Gigi Sohn

The Federal Communications Commission’s next meeting is Jan. 27 and there’s some speculation that a fifth member could be seated by then. Senate Commerce Committee Chair Maria Cantwell (D-WA) says her committee plans to vote on several potential nominees next week, and while the list is not out, she hopes FCC nominee Gigi Sohn will be on it.

The tide for Sohn may be turning. Senator Jacky Rosen (D-NV) has now come out in support of her confirmation. “Before the holidays, Ms. Sohn and I had a productive one-on-one conversation in my office about her nomination to serve on the FCC. Given the commitments she has made to me addressing the concerns of stakeholders in Nevada, I will support Ms. Sohn's nomination in the Commerce Committee,” said Rosen in a statement. Insiders say Rosen was swayed in part by Sohn’s commitment to travel to Nevada to meet with the broadcasters in the state to hear their concerns, take feedback, and discuss their priorities. Sohn also reaffirmed her commitment to broadcast diversity, which Rosen has seen as a key issue for an increasingly diverse state like Nevada.

Rosen joins several other Senators who are backing Sohn, including John Tester (D-MT) and Gary Peters (D-MI) who previously were on the fence. Senator Kyrsten Sinema (D-AZ) remains the last holdout on the Senate Commerce Committee. Sinema has not said one way or the other whether she will vote in favor of recommending Sohn’s confirmation. But reports say Sinema may have quietly signaled to Cantwell that she will vote to confirm Sohn. Sinema previously raised concerns about Sohn’s views on net neutrality.

Cantwell told Communications Daily that she believed the delay in Sohn’s vote last month was tied to a desire to have their questions answered, and not doubts about her ability to fill the role. “I’m impressed by the knowledge base that she has,” said Cantwell.

Because every Republican member of the Senate Commerce Committee is likely to vote against Sohn, every Democratic member is needed in order to get a 14-14 vote that would automatically send her nomination to the full Senate for confirmation.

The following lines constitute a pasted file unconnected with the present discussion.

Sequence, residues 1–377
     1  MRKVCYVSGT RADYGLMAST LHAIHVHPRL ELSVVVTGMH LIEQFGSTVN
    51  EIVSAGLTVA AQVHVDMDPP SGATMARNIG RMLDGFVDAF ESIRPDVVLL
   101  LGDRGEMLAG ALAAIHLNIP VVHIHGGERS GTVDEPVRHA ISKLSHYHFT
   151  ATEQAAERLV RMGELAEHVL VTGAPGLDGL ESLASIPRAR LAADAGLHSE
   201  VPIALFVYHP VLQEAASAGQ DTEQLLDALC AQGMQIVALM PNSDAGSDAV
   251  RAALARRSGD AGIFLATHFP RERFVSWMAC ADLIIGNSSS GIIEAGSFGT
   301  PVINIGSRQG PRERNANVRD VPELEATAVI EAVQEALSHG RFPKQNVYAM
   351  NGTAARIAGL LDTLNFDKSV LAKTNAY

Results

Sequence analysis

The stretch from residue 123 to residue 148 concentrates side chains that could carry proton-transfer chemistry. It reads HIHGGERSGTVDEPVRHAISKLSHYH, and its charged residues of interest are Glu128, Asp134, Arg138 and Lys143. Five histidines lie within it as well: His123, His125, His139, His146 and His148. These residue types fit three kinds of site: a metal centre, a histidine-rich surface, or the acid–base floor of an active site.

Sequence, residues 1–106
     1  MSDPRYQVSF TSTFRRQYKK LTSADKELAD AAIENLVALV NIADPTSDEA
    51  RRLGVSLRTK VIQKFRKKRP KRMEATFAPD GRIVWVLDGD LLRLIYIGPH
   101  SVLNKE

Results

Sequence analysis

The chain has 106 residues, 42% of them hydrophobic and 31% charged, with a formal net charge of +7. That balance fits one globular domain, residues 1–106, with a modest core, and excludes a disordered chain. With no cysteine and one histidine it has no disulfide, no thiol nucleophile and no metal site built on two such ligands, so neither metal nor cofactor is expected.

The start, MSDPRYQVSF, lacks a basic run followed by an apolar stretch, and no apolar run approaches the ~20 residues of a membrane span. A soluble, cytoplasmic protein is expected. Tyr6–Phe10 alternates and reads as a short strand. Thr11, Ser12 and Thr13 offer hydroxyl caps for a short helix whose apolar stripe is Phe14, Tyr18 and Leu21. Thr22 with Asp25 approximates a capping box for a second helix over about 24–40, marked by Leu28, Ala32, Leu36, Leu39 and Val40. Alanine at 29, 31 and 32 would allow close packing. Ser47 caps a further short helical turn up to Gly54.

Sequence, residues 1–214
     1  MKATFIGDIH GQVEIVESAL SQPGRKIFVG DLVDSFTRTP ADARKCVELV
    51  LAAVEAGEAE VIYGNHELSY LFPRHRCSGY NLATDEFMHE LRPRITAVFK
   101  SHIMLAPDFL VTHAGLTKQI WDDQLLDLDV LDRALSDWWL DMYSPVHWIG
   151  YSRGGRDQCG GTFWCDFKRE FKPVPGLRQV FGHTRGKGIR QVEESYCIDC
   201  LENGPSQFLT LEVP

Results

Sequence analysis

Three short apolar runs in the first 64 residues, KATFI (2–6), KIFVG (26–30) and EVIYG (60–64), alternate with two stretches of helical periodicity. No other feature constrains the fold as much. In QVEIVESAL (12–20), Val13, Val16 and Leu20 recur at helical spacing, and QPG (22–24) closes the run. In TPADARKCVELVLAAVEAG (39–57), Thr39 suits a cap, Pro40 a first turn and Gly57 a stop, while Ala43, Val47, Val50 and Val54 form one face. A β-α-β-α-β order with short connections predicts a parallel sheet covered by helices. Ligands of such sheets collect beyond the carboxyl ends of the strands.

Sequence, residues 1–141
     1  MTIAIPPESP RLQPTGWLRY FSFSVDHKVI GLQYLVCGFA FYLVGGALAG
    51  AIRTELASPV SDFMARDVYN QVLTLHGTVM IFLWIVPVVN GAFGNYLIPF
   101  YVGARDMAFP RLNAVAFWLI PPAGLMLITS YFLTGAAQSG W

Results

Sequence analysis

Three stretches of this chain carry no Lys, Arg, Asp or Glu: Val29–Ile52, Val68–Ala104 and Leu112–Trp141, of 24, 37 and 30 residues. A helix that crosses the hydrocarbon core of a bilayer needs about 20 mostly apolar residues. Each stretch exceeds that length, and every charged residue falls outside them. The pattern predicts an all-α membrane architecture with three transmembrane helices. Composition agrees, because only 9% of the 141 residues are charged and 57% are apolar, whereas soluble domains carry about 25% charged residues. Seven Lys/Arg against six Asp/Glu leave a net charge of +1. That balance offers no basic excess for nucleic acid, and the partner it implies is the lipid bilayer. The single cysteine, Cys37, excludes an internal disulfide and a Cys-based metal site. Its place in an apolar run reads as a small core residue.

Beyond Congress, Sohn has picked up some support in recent days. Three former heads of the FCC’s Public Safety and Homeland Security Bureau this week urged lawmakers to vote in favor of seating her. And Consumer Technology Association President Gary Shapiro called Sohn “extraordinary qualified” and urged the Senate to quickly confirm her. “The issues facing the FCC today are too great to allow for any further delay in the nomination process,” he wrote in a blog post. Shapiro also said that because Sohn has a reputation for asking tough questions of industry leaders, that may mean that she will take positions that conflict with CTA priorities. “But that’s a price we should all be willing to accept for a commissioner with deep integrity, knowledge and skill,” he said.

The National Association of Broadcasters has said that it is unsettled about Sohn’s pick based on her work as a director at Locast. The streaming service distributed local TV station signals online until a judge earlier this year ordered it be shut down for violating copyright law. NAB said it had “serious concerns” that the ethics agreement submitted by Sohn would not do enough to separate her from what it sees as a “clear and troubling conflict.”

But when she testified before the Senate committee last month, Sohn explained she viewed Locast as a way to help more Americans gain access to local broadcasting and she felt it would have been good for local TV stations too. “I revere local broadcasting and if I’m confirmed I would like to sit down with them and explain what I did and get from them ideas how I can help local broadcasting be more competitive, more resilient, and more diverse,” she said.

Sohn does have the support of conservative media outlets such as One America and Newsmax who credit her efforts with helping them gain access to cable systems. Sohn also has the backing of Byron Allen, who heads the nation’s largest minority-owned broadcast company.